Boris Johnson and Michael Gove are the only two ministers who are genuinely unsackable.
With friends like these, who needs the Revolutionary Guard? Michael Gove appeared on the Andrew Marr programme yesterday to defend his beleaguered colleague Boris Johnson’s handling of the case of Nazanin Zaghari-Ratcliffe – but instead may have deepened her plight by responding “I don’t know” when asked what she was doing in Iran. (She was on holiday.) “Gove creates new doubts over mother jailed in Iran” is the Times’ splash.
It adds to Zaghari-Ratcliffe’s difficulties because Tehran’s modus operandi is to use imprisoned foreign nationals as negotiating chips. Increasing the ambiguity over what she was doing in Iran in the first place both allows the Iranian government to increase the charge sheet against her and also makes it more politically important for the British government to get her home. It means that the political price the UK will have to pay will be higher and therefore increases the chances that she will end up spending years in an Iranian prison.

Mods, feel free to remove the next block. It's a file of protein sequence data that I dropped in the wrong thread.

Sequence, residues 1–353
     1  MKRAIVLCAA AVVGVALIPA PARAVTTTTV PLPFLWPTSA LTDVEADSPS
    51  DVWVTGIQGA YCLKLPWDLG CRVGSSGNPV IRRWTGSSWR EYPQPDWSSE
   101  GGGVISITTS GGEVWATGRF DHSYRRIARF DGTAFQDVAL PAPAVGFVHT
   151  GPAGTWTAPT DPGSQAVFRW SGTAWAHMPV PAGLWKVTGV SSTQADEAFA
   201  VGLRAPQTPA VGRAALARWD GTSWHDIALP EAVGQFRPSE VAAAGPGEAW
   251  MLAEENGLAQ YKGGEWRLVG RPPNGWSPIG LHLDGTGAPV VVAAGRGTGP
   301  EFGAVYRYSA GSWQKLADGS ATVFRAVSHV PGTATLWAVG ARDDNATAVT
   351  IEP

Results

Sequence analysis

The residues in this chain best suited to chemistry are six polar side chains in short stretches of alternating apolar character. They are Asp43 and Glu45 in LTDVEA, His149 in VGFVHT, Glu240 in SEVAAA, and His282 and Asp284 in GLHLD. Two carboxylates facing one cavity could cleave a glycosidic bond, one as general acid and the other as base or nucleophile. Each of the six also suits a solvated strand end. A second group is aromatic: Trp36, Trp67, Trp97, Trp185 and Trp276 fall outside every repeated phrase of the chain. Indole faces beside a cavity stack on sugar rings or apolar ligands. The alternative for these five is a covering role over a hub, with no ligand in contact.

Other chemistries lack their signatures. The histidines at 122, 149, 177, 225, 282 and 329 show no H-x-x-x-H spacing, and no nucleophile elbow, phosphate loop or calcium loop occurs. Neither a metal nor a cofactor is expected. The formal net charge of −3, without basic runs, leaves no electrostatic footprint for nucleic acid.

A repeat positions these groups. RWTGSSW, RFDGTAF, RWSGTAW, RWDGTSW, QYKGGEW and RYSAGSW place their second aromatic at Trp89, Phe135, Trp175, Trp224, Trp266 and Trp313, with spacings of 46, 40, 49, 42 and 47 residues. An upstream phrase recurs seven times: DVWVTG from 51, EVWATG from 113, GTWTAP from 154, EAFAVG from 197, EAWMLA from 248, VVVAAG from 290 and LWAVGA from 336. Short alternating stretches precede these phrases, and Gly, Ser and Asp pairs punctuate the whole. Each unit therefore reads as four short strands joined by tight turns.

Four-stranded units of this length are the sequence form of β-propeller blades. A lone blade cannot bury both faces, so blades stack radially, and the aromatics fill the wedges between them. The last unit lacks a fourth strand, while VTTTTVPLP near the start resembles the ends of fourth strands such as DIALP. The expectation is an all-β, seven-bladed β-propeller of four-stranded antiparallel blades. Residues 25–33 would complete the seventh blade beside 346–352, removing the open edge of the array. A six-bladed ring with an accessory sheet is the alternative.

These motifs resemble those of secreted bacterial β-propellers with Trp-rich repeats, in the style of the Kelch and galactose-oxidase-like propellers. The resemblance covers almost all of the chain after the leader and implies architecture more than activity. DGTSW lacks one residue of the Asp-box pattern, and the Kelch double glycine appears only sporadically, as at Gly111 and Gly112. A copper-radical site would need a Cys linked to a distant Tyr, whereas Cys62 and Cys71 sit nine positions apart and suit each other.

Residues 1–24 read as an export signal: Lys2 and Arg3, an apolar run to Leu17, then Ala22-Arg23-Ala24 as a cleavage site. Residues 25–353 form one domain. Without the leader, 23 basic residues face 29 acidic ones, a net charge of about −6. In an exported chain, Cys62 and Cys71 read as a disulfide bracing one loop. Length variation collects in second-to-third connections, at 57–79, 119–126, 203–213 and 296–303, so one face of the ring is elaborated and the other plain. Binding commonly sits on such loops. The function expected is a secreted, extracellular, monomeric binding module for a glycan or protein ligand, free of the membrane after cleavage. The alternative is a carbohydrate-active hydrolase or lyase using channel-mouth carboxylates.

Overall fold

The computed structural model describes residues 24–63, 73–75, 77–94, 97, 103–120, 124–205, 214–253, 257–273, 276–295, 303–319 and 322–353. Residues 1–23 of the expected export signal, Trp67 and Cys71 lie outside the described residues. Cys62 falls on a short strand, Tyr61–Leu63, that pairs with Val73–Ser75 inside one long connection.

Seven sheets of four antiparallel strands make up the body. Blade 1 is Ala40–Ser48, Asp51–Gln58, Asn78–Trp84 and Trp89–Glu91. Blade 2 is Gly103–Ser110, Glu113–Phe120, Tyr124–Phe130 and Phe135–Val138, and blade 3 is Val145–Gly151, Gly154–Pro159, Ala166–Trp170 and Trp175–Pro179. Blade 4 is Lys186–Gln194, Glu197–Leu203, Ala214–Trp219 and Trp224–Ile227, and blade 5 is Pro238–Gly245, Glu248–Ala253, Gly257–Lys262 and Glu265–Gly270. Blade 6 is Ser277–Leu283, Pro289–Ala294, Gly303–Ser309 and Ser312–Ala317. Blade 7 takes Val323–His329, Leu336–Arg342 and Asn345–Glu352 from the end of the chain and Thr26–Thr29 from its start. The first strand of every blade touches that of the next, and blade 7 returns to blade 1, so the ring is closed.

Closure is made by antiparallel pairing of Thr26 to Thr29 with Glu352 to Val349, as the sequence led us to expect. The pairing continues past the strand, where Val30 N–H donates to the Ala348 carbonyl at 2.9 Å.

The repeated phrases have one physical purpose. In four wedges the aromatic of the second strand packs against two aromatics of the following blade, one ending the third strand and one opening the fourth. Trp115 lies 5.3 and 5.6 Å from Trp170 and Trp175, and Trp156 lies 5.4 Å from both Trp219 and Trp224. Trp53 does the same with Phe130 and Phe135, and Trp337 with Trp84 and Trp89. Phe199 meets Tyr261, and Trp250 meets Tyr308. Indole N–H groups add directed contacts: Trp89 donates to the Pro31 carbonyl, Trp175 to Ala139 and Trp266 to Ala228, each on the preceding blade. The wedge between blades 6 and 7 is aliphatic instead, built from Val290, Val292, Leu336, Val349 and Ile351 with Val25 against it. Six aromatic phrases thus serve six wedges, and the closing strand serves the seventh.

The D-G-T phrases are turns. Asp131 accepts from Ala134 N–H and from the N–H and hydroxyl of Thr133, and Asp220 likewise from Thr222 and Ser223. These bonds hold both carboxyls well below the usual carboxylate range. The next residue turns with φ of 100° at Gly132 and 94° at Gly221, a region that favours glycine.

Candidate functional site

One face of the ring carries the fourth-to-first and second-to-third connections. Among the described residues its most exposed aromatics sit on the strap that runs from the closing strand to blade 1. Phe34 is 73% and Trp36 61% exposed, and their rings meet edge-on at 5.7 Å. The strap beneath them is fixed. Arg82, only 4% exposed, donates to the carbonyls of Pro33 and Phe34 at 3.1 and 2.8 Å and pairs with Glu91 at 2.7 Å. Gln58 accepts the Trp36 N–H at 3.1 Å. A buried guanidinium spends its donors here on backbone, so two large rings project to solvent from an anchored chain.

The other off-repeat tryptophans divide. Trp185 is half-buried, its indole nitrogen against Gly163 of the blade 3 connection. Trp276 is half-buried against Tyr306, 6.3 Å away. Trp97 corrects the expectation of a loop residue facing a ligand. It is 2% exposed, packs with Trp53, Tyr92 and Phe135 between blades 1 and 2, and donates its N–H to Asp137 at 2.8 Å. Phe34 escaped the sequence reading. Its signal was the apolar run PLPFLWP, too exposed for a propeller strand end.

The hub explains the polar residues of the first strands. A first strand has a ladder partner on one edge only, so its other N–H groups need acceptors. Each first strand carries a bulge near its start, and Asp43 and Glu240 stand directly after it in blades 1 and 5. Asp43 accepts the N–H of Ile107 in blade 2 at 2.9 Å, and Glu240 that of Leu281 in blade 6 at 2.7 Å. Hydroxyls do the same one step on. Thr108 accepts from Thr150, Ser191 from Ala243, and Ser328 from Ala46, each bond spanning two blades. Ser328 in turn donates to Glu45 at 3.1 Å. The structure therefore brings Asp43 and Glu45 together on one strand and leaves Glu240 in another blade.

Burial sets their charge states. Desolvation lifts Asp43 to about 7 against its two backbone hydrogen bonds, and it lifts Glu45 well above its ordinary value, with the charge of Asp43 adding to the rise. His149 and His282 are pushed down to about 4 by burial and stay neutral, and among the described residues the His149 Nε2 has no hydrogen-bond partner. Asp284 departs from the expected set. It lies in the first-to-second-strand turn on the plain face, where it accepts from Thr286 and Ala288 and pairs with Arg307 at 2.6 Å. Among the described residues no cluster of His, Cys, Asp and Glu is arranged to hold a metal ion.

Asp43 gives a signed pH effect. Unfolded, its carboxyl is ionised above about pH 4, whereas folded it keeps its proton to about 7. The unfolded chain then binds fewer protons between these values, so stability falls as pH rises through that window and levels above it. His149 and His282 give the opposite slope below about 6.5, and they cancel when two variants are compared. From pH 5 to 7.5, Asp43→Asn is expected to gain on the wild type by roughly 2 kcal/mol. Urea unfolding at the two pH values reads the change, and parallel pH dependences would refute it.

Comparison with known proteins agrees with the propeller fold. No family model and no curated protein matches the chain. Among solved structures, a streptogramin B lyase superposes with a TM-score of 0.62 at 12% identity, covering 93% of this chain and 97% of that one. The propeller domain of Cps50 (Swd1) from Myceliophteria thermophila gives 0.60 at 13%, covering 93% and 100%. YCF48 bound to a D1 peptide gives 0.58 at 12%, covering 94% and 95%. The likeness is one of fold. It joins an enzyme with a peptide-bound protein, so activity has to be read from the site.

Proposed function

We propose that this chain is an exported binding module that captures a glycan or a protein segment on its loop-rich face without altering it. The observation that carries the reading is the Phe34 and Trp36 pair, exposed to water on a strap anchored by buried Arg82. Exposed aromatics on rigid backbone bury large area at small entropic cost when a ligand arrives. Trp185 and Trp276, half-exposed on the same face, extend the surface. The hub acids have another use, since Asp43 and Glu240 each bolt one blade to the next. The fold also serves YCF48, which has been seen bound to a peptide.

The political pressure on Johnson has been eased slightly as Zaghari-Ratcliffe’s husband, Richard Ratcliffe, has said that he doesn’t want the Foreign Secretary sacked but simply wants him to get his wife home. (Johnson finally spoke with Ratcliffe last night.)
The plain truth is that while Theresa May is more politically powerful than she appears, Johnson and Gove are the only two ministers who are genuinely unsackable, because of their totemic status as guarantors of Brexit. The risk to the PM is that she ends up looking even weaker and even more rudderless than she does at present as a result of it all.
The Gove gaffe is more understandable (“I don’t know” is an understandable response to “What was she doing in Iran?”) and he tried, albeit …read more
Source:: New Statesman